which is an unsolved  computer science artificial intelligence
   problem. For example, does the underline indicate importance, which
   should be mapped to a more deliberate speech pattern, or is it merely
   an aethetic effect, which should not map to anything? Does it
   indicate a link, which should be clearly denoted  (e.g. with audio
   icons), or does it indicate a stress emphasis, which should merely be
   mapped to a slightly altered voice?"

This argument would be a strong argument if it also covered styling
added using CSS.  Lacking a proposal for how authoring tools should
deal with underlining and lacking evidence that such authors and
authoring tools would be willing to migrate to such, this argument was
considered weak.

   Maintainability: Should the author (or the author's employer/client)
   decide that actually underlining all the headings was a mistake and
   they should instead be italics, the change can be trivially
   implemented if the markup is semantic rather than stylistic: simply
   change headings to be italics rather than underlined. If, instead, a
   stylistic element is used within the pages each time an underline is
   required, the author is going to have to go through every part of
   every page changing just the underlines that correspond to headings.
   This would take orders of magnitude more time. Given this, separating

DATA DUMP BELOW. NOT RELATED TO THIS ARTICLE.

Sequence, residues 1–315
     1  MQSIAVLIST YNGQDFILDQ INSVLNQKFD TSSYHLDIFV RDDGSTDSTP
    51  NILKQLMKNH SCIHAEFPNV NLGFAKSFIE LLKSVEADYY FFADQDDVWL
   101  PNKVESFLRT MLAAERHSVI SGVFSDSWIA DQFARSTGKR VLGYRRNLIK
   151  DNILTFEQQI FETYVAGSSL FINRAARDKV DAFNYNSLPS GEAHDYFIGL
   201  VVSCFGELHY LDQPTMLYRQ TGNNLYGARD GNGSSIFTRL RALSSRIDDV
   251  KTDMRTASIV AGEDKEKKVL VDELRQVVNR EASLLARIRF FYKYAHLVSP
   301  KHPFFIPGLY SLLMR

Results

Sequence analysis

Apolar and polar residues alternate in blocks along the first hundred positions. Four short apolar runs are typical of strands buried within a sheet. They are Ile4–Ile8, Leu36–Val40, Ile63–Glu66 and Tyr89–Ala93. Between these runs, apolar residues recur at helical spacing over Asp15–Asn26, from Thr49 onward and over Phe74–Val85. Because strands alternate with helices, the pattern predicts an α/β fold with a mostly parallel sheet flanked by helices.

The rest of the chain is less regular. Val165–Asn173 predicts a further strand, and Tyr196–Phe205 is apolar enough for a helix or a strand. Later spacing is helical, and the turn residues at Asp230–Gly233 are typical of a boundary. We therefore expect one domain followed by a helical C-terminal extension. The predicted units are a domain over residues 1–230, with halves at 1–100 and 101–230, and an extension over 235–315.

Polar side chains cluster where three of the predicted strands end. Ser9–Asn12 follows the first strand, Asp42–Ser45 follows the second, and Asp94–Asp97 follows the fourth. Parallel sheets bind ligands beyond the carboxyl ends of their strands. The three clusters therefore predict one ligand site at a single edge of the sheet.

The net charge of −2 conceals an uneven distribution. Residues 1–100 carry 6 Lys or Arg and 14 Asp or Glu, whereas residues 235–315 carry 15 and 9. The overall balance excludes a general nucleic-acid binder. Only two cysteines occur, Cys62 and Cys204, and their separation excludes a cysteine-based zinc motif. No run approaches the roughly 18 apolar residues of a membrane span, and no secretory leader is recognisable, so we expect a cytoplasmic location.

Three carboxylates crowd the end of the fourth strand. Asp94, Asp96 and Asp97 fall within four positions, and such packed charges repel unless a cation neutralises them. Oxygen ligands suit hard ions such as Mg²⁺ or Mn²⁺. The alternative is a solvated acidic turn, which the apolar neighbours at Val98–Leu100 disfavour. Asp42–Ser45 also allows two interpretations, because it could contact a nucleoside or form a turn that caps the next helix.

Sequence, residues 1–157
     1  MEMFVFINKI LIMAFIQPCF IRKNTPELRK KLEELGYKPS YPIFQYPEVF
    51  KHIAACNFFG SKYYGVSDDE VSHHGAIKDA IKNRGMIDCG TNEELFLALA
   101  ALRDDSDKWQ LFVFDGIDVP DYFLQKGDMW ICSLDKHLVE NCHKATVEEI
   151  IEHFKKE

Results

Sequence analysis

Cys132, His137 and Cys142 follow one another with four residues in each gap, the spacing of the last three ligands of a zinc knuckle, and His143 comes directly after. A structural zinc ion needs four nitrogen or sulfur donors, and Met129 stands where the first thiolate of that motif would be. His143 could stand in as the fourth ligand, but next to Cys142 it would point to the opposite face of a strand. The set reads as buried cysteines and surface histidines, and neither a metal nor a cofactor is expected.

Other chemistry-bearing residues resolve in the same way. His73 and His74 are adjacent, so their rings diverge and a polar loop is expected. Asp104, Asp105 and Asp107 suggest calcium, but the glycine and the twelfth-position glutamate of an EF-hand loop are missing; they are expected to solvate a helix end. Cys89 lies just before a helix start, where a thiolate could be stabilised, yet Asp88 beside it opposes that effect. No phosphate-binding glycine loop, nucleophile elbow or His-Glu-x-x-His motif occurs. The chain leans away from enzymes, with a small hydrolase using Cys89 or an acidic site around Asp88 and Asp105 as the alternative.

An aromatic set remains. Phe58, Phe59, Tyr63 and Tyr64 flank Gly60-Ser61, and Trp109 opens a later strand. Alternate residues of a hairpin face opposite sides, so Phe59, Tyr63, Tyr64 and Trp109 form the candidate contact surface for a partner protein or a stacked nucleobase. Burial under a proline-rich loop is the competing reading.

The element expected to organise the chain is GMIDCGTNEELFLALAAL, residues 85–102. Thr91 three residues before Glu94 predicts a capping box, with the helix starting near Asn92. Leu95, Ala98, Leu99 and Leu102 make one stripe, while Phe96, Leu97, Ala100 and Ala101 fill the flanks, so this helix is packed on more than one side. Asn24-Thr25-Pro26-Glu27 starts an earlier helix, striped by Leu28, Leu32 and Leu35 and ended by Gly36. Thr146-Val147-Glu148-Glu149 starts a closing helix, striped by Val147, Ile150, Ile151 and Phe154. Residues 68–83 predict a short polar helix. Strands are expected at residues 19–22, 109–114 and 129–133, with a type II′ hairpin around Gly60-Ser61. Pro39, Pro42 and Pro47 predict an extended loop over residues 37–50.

semantic markup from styles is therefore the best practice for
   maintainability."

It is uncontested that there is a trade-off here.  Clearly authors and
authoring tools are making a different trade-off en masse to date.
Lacking a proposal for an alternative and evidence that authors and
authoring tools would be willing to migrate to such, this argument was
considered weak.

   Semantic analysis: As with accessibility, the ability for a computer
   to distinguish underline when used for a proper name mark, when used
   to indicate a hyperlink, when used to indicate emphasis, when used to
   indicate italics in a manuscript, when used to indicate a spelling
   error, and so forth, requires artificial intelligence at the cutting
   edge of natural language research (or beyond). To allow semantic
   analysis to be performed by those who do not have access to the
   latest and greatest research, and indeed to enable semantic analysis
   to be done at all in many cases given the state of this research, the
   input markup must include at least basic hints as to the meaning
   implied by the presentation. As such, separating semantic markup from
   styles is therefore the best practice for enabling semantic analysis.

This argument would be a strong argument if it also covered styling
added using CSS.  Lacking a proposal for how authoring tools should
deal with underlining and lacking evidence that such authors and
authoring tools would be willing to migrate to such, this argument was
considered weak.

   HTML is a media-independent semantic markup language

This is an assertion over which we have not found consensus within the
working group.  Again, there is general agreement to encourage and
prefer semantic markup whenever possible.  The point of disagreement is
whether or not it is possible in the specific case of <u>.

   The use case of "stylistically offset" is already entirely handled by
   <i>.

"stylistically offset" was not the use case presented, and the
assertion that <i> is an adequate substitution semantically for <u> is
disputed.

=== Objections on the basis of Use Cases

The primary assertion in dispute concerns use cases.  In one case the
assertion is:

   There is no new use cases addressed by the <u> element